Without regulations for large-scale farmers, drought crisis cannot be solved, says expert
By Nadia Prupis / Common Dreams
For the first time ever, California’s state water board on Wednesday approved mandatory water conservation rules in the face of a historic drought, now entering its fourth year. But the regulations, which will require water usage cutbacks of up to 36 percent for some communities, are letting the worst environmental offender in the state—the agriculture industry—off the hook.
“It’s a double-standard. It’s not going to be adequate to fix our water management problems,” Adam Scow, California director of Food & Water Watch, told Common Dreams. “Overall, our state has failed to properly manage our water rights.”
Agriculture accounts for roughly 80 percent of human-related water consumption in the state. Much of that comes from large-scale farms in California pumping billions of gallons a year of fresh groundwater to keep producing thirsty crops and animal products for supermarkets across the country—a “case study in the unwise use of natural resources,” theNew York Times wrote last month.
Meanwhile, cities and water agencies will be required to implement 4 to 36 percent cutbacks, depending on the area. San Francisco must reduce its usage by 8 percent, Los Angeles by 16 percent, San Jose by 20 percent, and Sacramento by 28 percent. Failure to meet those targets could result in fines against water agencies of up to $10,000 a day. State legal advisers will review the rules before they are implemented.
While some cutbacks from cities and consumers are welcome, the government and the water board must “come to grips with the fact that in the bigger picture…. 80 percent of water goes to subsidized agriculture and irrigation, and there are a lot of things being grown in places where they shouldn’t be grown when you’re in a water-restricted state,” Trent Orr, an attorney with environmental legal nonprofit Earthjustice, told Common Dreams. “This is the time that we hope the state government steps up and realizes it has to do something other than fiddling around the edges.”
The California Water Resources Control Board adopted the emergency regulations in response to Governor Jerry Brown’s mandate, issued in late April, calling for statewide rationing amid the drought he described as “unprecedented in recorded history.”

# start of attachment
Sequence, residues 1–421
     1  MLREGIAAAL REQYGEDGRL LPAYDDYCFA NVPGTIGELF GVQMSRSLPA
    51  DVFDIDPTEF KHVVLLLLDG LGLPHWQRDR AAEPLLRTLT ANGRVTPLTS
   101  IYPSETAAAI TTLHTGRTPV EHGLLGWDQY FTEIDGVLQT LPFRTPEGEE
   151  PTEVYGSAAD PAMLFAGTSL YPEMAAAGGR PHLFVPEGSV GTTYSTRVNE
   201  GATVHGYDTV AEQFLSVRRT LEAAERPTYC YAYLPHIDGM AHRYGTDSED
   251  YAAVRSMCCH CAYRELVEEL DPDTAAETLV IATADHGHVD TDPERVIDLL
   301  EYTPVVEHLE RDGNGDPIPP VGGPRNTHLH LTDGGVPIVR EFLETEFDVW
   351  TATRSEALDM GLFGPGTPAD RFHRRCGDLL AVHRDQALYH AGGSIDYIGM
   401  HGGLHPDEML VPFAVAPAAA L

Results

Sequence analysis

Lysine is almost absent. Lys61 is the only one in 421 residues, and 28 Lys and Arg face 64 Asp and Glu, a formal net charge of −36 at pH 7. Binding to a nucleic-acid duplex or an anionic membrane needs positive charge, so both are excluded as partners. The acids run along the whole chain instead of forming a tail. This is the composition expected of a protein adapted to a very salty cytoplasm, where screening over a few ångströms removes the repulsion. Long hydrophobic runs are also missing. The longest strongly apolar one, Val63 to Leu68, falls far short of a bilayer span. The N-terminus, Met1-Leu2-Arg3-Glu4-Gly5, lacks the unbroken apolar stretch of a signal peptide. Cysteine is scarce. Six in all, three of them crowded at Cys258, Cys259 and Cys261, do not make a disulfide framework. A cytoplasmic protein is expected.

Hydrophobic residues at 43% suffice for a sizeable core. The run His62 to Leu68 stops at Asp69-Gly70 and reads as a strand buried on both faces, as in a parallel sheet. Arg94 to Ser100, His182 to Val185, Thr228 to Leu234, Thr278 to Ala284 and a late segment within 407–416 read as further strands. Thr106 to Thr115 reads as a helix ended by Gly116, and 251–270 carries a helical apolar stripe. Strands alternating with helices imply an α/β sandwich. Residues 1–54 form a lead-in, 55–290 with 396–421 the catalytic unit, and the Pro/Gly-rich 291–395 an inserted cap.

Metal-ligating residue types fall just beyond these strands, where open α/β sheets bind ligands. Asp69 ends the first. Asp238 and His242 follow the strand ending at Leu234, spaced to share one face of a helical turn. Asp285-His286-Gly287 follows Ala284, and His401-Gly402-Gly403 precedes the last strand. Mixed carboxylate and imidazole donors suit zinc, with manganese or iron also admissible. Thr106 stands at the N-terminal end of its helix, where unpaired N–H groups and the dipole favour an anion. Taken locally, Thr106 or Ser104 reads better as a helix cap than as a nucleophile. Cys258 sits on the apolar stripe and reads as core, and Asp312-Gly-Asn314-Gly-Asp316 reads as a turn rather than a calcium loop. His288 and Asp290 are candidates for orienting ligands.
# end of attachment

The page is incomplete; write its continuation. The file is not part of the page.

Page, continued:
However, as Scow explained, California’s powerful agriculture industry seems to have gotten a free pass shortly after key lobbyists met with state government staff members last month.
As Orr states, “while agriculture makes up about 2 percent of the state’s economy, it has tremendous political clout. It’s time to take them on.”
“We’re not gonna get out of this problem unless we really seriously take a look at how water is allocated to agriculture in California,” Orr said. “It’s time to change the game somewhat so it’s more rational.”
The government must start regulating industrial farms, particularly in their use of groundwater—a “savings account” of fresh water, Scow said. “They’re pumping it out much faster than nature can replenish it… We’re calling on the government and the water board to practice real law enforcement. They haven’t been doing their job.”
Short-term water regulations targeting consumer usage won’t be enough to address the drought, particularly because the water management problems in the state were building long before the crisis, Scow said. “It’s a growing problem that has been really exposed with the drought.”
The California Water Resources Control Board did not respond to request for comment.
This work is licensed under a Creative Commons Attribution-Share Alike 3.0 License